The book that provides this telling picture of what the drug war did for cigarettes, misses the agricultural mercantilism repression of Coca, for the promotion of Tobacco.
It fails to cite any of the history of Coca's use as a 'Tobacco habit cure", nor of this concern of the USDA., such as with the targeting of Coca-Bola.
It's chapter on "Coca Leaves" is perhaps this 623 page book's shortest, at a mere 3 pages.
It's chapter "A Program for the Future" concerning Tobacco postulates the task of finding a less harmful substutute, without of course bothering to even mention the history of Coca's use here.
Keeping carcinogenic smoke out of the lungs, however is only a parial solution. Switching to cigars, pipes and chewing Tobacco does not eliminate the risk of cancers of the oral cavity. Moreover, the bulk of the damage suffered by smokers is due to diseases of the heart and circulatory system- and it is the nicotine itself that has adverse effects on the heart. The second direction in which future policy must move, accordingly, is to find a nicotine substitute.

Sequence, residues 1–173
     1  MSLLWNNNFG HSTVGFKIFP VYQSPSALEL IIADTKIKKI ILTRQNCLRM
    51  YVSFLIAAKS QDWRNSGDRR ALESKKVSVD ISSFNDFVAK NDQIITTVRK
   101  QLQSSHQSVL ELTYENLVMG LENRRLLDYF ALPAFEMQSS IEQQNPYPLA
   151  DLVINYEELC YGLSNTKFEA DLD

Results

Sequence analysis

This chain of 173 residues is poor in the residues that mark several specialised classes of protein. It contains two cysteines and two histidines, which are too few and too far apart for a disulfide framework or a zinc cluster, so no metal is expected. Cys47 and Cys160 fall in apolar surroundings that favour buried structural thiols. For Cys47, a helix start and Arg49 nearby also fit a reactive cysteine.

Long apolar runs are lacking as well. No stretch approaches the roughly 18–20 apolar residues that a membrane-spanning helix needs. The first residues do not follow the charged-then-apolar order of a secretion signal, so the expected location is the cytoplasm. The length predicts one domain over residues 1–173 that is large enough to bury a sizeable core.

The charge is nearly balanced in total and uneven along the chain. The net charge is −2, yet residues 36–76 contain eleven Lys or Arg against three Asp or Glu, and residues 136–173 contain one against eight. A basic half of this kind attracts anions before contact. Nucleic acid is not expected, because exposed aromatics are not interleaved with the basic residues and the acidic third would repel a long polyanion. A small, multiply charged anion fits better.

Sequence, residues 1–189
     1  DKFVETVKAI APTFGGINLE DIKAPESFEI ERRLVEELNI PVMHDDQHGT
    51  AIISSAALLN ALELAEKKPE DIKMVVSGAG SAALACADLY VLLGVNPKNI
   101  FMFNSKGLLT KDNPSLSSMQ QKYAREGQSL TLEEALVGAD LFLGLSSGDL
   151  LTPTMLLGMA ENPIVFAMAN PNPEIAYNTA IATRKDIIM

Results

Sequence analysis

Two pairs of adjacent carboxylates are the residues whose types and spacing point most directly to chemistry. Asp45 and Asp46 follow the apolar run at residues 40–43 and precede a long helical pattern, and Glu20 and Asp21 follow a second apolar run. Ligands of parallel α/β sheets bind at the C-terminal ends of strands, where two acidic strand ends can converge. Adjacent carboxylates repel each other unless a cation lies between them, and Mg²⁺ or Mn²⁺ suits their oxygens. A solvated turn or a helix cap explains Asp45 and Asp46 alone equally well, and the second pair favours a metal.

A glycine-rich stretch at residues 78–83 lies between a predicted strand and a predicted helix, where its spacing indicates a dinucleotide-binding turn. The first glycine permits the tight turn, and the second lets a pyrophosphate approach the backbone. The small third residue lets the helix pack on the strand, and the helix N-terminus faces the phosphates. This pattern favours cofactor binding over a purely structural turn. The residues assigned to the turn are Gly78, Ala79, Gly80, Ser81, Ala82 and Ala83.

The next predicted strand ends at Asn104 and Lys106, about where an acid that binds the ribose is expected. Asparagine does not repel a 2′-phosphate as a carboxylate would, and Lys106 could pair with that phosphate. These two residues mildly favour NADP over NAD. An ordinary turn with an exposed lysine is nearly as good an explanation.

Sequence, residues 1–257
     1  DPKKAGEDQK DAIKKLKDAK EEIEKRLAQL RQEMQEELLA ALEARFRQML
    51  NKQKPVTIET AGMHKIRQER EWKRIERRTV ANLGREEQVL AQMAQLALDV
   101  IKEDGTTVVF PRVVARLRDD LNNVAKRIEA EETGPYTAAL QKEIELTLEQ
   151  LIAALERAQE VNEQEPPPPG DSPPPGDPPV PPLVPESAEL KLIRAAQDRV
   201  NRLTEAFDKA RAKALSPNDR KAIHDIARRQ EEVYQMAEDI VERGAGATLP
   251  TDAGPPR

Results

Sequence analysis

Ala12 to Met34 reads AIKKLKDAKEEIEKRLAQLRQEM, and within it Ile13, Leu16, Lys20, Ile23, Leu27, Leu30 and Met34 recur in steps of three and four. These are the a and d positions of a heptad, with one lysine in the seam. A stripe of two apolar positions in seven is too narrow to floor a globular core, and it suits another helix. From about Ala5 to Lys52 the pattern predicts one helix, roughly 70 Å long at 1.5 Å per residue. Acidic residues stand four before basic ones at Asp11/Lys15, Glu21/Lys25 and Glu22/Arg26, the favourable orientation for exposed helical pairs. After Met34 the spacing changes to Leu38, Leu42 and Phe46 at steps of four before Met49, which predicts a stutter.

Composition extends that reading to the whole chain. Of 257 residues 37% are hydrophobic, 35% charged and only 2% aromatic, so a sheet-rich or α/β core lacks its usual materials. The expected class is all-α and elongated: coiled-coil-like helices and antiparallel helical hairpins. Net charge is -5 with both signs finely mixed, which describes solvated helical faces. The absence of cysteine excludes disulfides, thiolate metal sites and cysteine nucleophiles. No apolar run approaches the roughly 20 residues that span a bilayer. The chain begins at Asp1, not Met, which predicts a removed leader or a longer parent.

Such a substance should have no adverse effects (or significently less disastrous effects), on the heart or other organs, but should satisfy the craving for nicotine.
Can such a substance be found?
The odds in favor are good. Literally scores of nicotine "cogeners" molecules closely related to nicotine chemicals - are known; and many of those are also known to have no effects upon heart action. What is not known is which of them will satisfy the nicotine craving.